Toby: Yeah, and we’ve been given freedom as human beings and the Bible teaches that in Christ, we’ve been given sort of this freedom from sin, but the Bible over and over again in the New Testament says that we’re to use this freedom for the building up of others, for the building up of the church, for the building up of the kingdom of God. We’re called to be people of good works in the world in order to be a blessing to our neighbor and to do good. So we’re not to use our freedom to serve ourselves and we’re not to use our freedom as a way of doing harm to other people; we’re to use our freedom to build them up to be edifying. So this kinda goes back to “the thing in itself might be okay or good but are you using it for good or are you misusing it?” So this is my “chucking a tangerine at my neighbor” analogy; there’s a good use and a misuse. The Bible teaches for example that God invented the idea of wine, God invented the idea of beer, and he made grapes so that if you smash them and leave them long enough, they turn into this amazing juice, this amazing drink called wine. But the Bible also prohibits drunkenness. The Bible says do not be drunk with wine. Drunkenness is a sin because you’re not in control of yourself, you’re not in a position to be able to protect other people.
Ben: Right, which actually is almost like a tough call because as you probably know, that glass of wine at the end of the day can relax you and I think that again, you have to be logical about some of these things. And that sort of the rule I use; the house catch on fire or protect my family analogy where is my consumption of said compound gonna affect my ability to protect or to provide, and if so then I’ve used too much of it.
Ben: But ultimately it’s kinda tough because some people say you get happy and destressed at the end of the day, have a glass of wine; therefore you are drunk and sinning, I would argue otherwise. I would say you simply have a glad heart.
Toby: Yeah, actually that’s what the Bible says. So the Bible again says it prohibits drunkenness so we may not lose control and we must be in a position to fulfill our responsibilities as you say. We need to be able to provide and protect those that we’re responsible for, but the Bible also says that God gave wine to make the heart of man glad. And so there’s an example of a good gift of God to be used for… The Bible actually, Paul tells Timothy in one place “take a little wine for your stomach”, so apparently maybe Timothy was having some stomach problems and Paul says, “hey, a little bit of wine has medicinal qualities to it as well.”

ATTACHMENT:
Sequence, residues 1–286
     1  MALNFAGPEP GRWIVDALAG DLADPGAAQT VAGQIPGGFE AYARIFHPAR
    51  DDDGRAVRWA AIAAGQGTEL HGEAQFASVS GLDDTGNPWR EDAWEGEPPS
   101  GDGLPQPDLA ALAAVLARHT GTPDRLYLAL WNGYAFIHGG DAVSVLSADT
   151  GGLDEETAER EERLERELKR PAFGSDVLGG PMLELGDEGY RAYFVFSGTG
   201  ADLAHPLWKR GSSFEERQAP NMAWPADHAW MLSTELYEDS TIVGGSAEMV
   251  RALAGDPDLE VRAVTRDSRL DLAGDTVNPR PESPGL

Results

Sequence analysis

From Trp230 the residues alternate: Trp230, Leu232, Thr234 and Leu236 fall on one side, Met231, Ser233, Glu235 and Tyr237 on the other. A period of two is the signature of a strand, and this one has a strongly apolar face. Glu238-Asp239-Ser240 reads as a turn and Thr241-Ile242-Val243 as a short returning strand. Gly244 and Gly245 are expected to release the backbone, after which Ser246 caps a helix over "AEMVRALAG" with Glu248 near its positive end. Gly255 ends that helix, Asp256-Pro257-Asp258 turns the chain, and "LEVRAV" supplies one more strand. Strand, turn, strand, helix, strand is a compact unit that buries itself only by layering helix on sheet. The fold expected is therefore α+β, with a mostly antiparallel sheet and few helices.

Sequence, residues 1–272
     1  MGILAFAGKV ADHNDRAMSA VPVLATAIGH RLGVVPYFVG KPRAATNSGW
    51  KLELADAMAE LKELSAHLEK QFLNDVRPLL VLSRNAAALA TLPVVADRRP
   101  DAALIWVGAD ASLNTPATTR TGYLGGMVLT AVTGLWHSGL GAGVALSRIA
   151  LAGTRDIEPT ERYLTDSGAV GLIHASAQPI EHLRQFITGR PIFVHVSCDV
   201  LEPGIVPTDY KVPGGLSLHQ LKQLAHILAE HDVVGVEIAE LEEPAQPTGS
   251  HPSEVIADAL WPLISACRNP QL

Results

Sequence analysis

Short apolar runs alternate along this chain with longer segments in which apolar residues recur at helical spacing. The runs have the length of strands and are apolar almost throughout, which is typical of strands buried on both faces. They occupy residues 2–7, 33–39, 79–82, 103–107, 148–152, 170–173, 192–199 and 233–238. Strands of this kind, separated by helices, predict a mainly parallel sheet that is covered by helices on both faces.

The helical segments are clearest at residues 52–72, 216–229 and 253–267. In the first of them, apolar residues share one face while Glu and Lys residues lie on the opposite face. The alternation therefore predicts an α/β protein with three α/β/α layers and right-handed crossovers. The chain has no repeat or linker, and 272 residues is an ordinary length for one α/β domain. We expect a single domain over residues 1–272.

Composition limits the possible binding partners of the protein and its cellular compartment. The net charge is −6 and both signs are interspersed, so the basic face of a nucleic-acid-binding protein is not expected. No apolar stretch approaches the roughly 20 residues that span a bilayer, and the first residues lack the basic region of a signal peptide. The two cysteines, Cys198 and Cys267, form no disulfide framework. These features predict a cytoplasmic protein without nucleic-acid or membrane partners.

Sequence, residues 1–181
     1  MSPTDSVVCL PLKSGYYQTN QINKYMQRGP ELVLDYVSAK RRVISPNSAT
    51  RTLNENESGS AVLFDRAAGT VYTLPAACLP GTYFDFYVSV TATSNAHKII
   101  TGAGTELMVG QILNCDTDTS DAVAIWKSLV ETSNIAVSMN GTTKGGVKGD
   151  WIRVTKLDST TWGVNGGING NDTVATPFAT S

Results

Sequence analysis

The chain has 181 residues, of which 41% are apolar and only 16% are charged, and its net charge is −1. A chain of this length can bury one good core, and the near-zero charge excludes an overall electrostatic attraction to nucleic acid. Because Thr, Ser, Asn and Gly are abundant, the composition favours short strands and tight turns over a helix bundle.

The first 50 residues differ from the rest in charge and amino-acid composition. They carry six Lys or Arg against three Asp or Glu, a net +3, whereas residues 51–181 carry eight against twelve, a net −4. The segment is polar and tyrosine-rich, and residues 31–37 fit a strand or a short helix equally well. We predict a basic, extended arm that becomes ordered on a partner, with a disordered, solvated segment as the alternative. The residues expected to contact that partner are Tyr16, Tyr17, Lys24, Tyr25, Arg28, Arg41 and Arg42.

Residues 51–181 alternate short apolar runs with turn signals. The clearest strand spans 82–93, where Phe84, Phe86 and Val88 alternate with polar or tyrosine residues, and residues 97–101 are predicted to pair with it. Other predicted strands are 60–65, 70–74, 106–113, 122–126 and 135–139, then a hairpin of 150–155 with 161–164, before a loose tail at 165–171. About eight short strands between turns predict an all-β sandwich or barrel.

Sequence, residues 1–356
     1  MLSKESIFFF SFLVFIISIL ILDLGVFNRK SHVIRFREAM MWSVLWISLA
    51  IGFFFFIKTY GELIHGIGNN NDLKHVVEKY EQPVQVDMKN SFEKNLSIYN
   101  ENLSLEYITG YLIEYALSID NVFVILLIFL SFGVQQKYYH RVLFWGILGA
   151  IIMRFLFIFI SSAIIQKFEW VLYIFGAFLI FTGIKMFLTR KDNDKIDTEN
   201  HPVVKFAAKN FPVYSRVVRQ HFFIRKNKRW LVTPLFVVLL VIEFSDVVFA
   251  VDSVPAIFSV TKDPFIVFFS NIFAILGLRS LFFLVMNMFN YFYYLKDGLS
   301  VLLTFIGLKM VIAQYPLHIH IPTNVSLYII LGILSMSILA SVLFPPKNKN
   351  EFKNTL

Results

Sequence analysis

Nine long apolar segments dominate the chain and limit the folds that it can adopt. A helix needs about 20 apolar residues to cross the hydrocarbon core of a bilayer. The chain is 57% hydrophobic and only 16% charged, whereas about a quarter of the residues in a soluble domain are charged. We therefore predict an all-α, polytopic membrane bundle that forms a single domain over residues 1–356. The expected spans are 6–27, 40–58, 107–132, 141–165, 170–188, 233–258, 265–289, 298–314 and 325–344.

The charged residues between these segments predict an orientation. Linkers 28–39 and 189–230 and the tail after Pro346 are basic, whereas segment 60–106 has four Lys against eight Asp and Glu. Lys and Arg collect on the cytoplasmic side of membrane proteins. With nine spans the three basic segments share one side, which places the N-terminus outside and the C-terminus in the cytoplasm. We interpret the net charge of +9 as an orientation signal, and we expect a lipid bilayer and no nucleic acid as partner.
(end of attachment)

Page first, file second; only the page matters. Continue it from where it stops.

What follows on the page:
But again, that doesn’t mean that it’s fine to three sheets to the wind; you’re called to use it responsibly. So the question is “so is it lawful, but then is it edifying?” And I think especially in this area of alternative medicine and so on, questions to ask would be “is my use of this causing me to grow in holiness and godliness and in the fruits of the Spirit or is it causing me to sin against God and other people? Is this enabling me to be more forgiving, is this enabling me to love my wife more faithfully, is this allowing me to love my children more faithfully, is this allowing me to give more generously or is this becoming something in which I’m sort of so obsessed with it or it steals so much of my time and energy away from these other responsibilities that now I’m shirking my duties in the name of being healthy and whole, I’m ignoring my wife and my kids.” Or “in the name of being healthy and whole, I’m not building the kingdom of God, I’m not in church regularly.”
Ben: Right, like almost a form of health idolatry, which I actually wanna talk to you about.